(1) The horrifying and delightful (2) Mr. Brown (3) met the charming (4) Miss Phillips (5) in Westminster Abbey; (6) he gave her a flower (7) and said to her: "How's your mother?" (8) She said to him: "Not for Joseph;" (9) the consequence was they danced the hornpipe, and the world said: (10) "Just what we expected."
Dreams mean much on Hallow-e'en, but certain ceremonies must be carefully followed in order to insure the spell. Before going to sleep for the night have some one bring a small piece of dry bread. No word can be spoken after this; silence must prevail. Eat bread slowly, at same time making a wish and thinking the pleasantest thing imaginable. Then drop off to sleep, and your dreams will be sweet and peaceful, and your wish will come true, if the charm works.
Walk downstairs backward, holding lighted candle over your head. Upon reaching bottom, turn suddenly and before you will stand your wished- for one.
For this game, half the players go outside the door, whilst those who stay in the room choose a word of one syllable, which should not be too difficult. For instance, suppose the word chosen be "Flat," those who are out of the room are informed that a word has been thought of that rhymes with "Cat," and they then have to act, without speaking, all the words they can think of that rhyme with "Cat." Supposing their first idea be "Bat," they come into the room and play an imaginary game of cricket. This not being correct, they would be hissed for their pains, and they must then hurry outside again. They might next try "Rat," most of them going into the room on their hands and feet, whilst the others might pretend to be frightened. Again they would be hissed. At last the boys go in and fall flat on their faces, while the girls pretend to use flat-irons upon their backs. The loud clapping that follows tells them that they are right at last. They then change places with the audience, who, in turn, become the actors.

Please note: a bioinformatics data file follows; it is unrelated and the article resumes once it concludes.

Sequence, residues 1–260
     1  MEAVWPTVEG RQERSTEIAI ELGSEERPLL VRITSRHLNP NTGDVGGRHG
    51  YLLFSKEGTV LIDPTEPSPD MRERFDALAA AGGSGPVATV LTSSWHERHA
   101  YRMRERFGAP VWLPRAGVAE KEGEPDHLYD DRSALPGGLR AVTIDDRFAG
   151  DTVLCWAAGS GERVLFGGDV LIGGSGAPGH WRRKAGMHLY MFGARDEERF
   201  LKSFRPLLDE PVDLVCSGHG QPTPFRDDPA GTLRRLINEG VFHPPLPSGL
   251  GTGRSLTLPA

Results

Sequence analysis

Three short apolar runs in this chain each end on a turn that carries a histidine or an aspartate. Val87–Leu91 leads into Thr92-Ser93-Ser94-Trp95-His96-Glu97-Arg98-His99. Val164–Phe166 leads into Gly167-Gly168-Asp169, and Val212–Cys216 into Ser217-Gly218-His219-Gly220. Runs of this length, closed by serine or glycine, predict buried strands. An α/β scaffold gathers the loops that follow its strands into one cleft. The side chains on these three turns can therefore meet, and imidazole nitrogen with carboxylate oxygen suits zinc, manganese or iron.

Cut alphabet from newspaper and sprinkle on surface of water; letters floating may spell or suggest name of future husband or wife.
A splendid game, and one specially suitable for a large party. A sheet or white tablecloth is first of all stretched right across the room, and on a table behind it is placed a bright lamp. All the other lights in the room are then extinguished, and one of the players takes a seat upon a low stool midway between the lamp and the sheet. The other players endeavor to disguise themselves as much as possible, by distorting their features, rumpling their hair, wearing wigs, false noses, etc., and pass one by one behind the player seated on the stool. Their shadows are thus thrown upon the sheet. The aim of the seated player is to guess the identity of the shadows as they pass before him; and the aim of the others is to endeavor by every means in their power to keep him from recognizing them. As may be imagined, the task of the single player is not an easy one, the distorted shadows being vastly different from the originals as seen before the lights were extinguished.
Name two wet apple seeds and stick them on forehead. First seed to fall indicates that the person for whom seed is named is not a true lover.